This will be my final post, for now, on the problems with the Hebrew Bible. I couldn’t resist one last set of comments on the historicity of the accounts narrated there, this time with respect to the stories in the book of Joshua about the Conquest of the Promised Land (Jericho and so on). Here too I am citing what I lay out in my forthcoming textbook on the Bible
When considering the historicity of the narratives of Joshua, the first thing to re-emphasize is that these are not accounts written by eyewitnesses or by anyone who knew an eyewitness. They were written some 600 years later, and were based on oral traditions that had been in circulation among people in Israel during all those intervening centuries. Moreover, they are clearly molded according to theological assumptions and perspectives. Biblical scholars have long noted that there is almost nothing in the accounts that suggest that the author is trying to be purely descriptive of things that really happened. He is writing an account that appears to be guided by his religious agenda, not by purely historical interests. That is why, when read closely, one finds so many problems with the narratives.
- Internal discrepancies. As we have seen, parts of Joshua stress that Joshua was fantastically successful in conquering the land: “Joshua defeated the whole land” (10:40); “Joshua took all that land” (11:16); “Joshua took the whole land” (11:23). If it were true that Joshua took “all” the “whole” land – why are there so many parts of the land that the text admits were not taken? The Deuteronomistic historian later has to acknowledge that when “Joshua was old…the LORD said to him ‘very much of the land still remains to be possessed’” (13:1). And so we are told that Jerusalem had not yet been taken (15:63); or parts of Ephraim (16:10); or parts of Manasseh (17:12-13). At the end of the book Joshua has to persuade the people to drive out the natives living in the land (23:5-13).
- Tensions with other Accounts. A similar problem arises between Joshua and other books of the Deuteronomistic history. In ch. 11, for example, the Israelite forces completely annihilate the city of Hazor: “they put to the sword all who were in it, utterly destroying them; there was no one left who breathed, and he burned Hazor with fire.” If that were true, why is it that in the next book, Judges, the Canaanites still very much live in and control Hazor, under their king Jabin, whose powerful army afflicted and oppressed the Israelites (Judges 4)?
- General Implausibilities. A number of the stories in Joshua are so chock-full of the miraculous that historians simply cannot deal with them as historical narratives (see the excursus in ch. 1). None of the miracles is more striking than the account in ch. 10, where the Israelite armies are having such a huge success, routing the coalition of kings aligned against them that Joshua cries out to the sun to stop its movement in the sky. And the sun stands still at high noon for twenty-four hours before moving on again, giving the Israelites ample time to complete the slaughter. As readers have long ntoed, it would be a miracle indeed if the earth suddenly stopped rotating on its axis for a day and then started up again, with no disturbance to the oceans, land masses, and life itself!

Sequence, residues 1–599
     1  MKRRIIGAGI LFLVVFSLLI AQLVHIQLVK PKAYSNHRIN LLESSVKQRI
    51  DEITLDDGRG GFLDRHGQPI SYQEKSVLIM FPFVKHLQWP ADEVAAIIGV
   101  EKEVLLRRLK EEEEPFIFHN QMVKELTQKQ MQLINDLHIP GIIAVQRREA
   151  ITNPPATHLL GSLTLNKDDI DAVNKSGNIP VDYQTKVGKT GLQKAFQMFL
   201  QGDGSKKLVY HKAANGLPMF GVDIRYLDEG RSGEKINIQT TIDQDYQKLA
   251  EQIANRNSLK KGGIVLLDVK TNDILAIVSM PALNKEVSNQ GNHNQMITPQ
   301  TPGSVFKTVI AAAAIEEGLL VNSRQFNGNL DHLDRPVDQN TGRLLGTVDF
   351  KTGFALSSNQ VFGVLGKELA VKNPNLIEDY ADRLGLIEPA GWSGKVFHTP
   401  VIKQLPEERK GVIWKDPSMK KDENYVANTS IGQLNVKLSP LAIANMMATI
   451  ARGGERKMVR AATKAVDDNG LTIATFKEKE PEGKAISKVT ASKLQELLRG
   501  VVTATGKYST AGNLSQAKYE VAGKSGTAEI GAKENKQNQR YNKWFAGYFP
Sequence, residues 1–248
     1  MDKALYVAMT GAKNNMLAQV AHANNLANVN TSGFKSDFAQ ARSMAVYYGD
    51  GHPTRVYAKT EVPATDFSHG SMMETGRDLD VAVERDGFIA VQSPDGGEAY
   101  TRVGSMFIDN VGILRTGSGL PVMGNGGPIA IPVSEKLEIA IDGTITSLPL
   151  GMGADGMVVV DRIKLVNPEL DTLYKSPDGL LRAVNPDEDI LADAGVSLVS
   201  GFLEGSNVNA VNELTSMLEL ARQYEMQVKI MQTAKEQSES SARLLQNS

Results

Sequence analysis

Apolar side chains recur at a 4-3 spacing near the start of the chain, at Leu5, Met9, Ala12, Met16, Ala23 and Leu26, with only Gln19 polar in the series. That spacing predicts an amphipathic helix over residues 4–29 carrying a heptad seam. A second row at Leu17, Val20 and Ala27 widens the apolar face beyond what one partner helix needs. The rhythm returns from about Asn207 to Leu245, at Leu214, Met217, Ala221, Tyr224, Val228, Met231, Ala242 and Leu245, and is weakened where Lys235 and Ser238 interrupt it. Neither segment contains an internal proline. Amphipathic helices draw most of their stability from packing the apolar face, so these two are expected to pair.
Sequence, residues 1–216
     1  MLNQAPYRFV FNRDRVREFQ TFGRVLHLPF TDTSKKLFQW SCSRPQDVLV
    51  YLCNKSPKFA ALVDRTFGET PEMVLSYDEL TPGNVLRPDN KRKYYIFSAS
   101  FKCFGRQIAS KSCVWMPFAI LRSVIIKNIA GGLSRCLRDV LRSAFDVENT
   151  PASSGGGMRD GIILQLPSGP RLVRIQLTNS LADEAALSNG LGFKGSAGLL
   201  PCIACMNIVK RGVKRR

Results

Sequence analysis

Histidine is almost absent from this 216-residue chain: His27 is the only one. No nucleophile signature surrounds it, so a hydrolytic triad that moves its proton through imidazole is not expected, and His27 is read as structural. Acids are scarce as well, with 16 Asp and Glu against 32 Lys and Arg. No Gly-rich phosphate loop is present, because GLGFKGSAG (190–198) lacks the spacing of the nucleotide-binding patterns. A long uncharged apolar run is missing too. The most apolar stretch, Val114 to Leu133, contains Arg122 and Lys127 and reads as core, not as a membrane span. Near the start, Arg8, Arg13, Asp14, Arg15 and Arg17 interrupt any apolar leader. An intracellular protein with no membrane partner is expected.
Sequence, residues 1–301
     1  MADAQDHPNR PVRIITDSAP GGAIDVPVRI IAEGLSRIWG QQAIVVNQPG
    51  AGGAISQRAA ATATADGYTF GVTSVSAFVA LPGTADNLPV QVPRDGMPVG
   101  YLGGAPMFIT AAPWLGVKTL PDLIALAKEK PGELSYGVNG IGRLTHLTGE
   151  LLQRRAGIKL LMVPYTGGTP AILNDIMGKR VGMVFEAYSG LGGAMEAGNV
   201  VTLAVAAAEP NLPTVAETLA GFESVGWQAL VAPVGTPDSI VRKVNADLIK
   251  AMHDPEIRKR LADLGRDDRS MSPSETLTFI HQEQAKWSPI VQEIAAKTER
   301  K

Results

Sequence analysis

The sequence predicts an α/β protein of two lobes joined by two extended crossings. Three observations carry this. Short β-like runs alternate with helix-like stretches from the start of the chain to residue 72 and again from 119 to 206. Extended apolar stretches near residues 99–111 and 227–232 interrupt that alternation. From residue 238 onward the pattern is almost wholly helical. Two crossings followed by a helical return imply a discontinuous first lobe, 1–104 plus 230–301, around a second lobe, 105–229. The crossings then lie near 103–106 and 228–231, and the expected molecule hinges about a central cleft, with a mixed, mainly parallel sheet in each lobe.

- External Verification and Archaeology. For biblical scholars, just as significant is the surviving physical evidence (or rather lack of it) for the conquest. Archaeologists have long noted that there is scant support for the kind of violent destruction of the cities of Canaan – especially the ones mentioned in Joshua. Think for a second: if one were to look for archaeological evidence, or other external verification, to support the historical narratives of Joshua, what would one look for?
- References to the invasion and conquest in other written sources outside the Bible.
- Evidence that there were indeed walled cities and towns in Canaan at the time.
- Archaeological evidence that the cities and towns mentioned actually were destroyed at the time (Jericho, Ai, Heshbon, etc.).
- Shift in cultural patterns: that is, evidence of new people taking over from other peoples of a different culture (as you get in the Americas when Europeans came over bringing with them their own culture, different from that of the native Americans).
And what kind of verification do we actually get for the narratives of Joshua? The answer appears to be: none of the above. There are no references in any other ancient source to a massive destruction of the cities of Canaan. Archaeologists have discovered that few of the places mentioned were walled towns at the time. Many of the specific cities cited as places of conquest apparently did not even exist as cities at the time. This includes, most notably, Jericho, which was not inhabited in the late 13th century BCE, as archaeologists have decisively shown (see box 4.2). The same thing applies to Ai and Heshbon. These cities were neither occupied, nor conquered, nor re-inhabited in the days of Joshua. Moreover, there is no evidence of major shifts in cultural patterns taking place at the end of the 13th century in Canaan. There are, to be sure, some indications that some towns in Canaan were destroyed at about that time (two of the twenty places mentioned as being destroyed by Joshua were wiped out at about the right time: Hazor and Bethel) But that is true of virtually every time in antiquity: occasionally towns were destroyed by other towns or burned or otherwise abandoned.
We are left, then, with a very big problem. The accounts in Joshua appear to be non-historical in many respects. This creates a dilemma for historians, since two things are perfectly clear: (a) eventually there was a nation Israel living in the land of Canaan; but (b) there is no evidence that it got there by entering in from the East and destroying all the major cities in a series of violent military campaigns. Where then did Israel come from?